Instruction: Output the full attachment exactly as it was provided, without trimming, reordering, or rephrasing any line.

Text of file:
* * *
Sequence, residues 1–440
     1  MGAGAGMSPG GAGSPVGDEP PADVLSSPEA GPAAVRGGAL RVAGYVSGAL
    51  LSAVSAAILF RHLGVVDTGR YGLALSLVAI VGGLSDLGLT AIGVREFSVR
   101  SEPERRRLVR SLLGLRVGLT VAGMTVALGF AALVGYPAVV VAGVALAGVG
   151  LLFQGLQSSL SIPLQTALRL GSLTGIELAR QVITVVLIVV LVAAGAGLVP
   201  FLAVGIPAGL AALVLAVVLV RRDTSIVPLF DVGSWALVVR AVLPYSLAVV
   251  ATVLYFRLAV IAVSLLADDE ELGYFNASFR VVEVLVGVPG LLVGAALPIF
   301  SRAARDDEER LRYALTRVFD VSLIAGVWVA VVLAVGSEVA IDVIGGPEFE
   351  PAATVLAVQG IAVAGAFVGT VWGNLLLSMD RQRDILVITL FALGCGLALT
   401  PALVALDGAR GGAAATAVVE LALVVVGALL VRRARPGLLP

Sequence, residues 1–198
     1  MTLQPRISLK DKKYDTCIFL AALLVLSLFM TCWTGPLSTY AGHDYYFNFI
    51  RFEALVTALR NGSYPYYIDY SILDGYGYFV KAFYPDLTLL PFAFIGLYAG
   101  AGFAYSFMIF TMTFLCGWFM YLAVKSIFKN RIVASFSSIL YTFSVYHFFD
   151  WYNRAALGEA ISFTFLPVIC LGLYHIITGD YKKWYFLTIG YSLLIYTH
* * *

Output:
Sequence, residues 1–440
     1  MGAGAGMSPG GAGSPVGDEP PADVLSSPEA GPAAVRGGAL RVAGYVSGAL
    51  LSAVSAAILF RHLGVVDTGR YGLALSLVAI VGGLSDLGLT AIGVREFSVR
   101  SEPERRRLVR SLLGLRVGLT VAGMTVALGF AALVGYPAVV VAGVALAGVG
   151  LLFQGLQSSL SIPLQTALRL GSLTGIELAR QVITVVLIVV LVAAGAGLVP
   201  FLAVGIPAGL AALVLAVVLV RRDTSIVPLF DVGSWALVVR AVLPYSLAVV
   251  ATVLYFRLAV IAVSLLADDE ELGYFNASFR VVEVLVGVPG LLVGAALPIF
   301  SRAARDDEER LRYALTRVFD VSLIAGVWVA VVLAVGSEVA IDVIGGPEFE
   351  PAATVLAVQG IAVAGAFVGT VWGNLLLSMD RQRDILVITL FALGCGLALT
   401  PALVALDGAR GGAAATAVVE LALVVVGALL VRRARPGLLP

Sequence, residues 1–198
     1  MTLQPRISLK DKKYDTCIFL AALLVLSLFM TCWTGPLSTY AGHDYYFNFI
    51  RFEALVTALR NGSYPYYIDY SILDGYGYFV KAFYPDLTLL PFAFIGLYAG
   101  AGFAYSFMIF TMTFLCGWFM YLAVKSIFKN RIVASFSSIL YTFSVYHFFD
   151  WYNRAALGEA ISFTFLPVIC LGLYHIITGD YKKWYFLTIG YSLLIYTH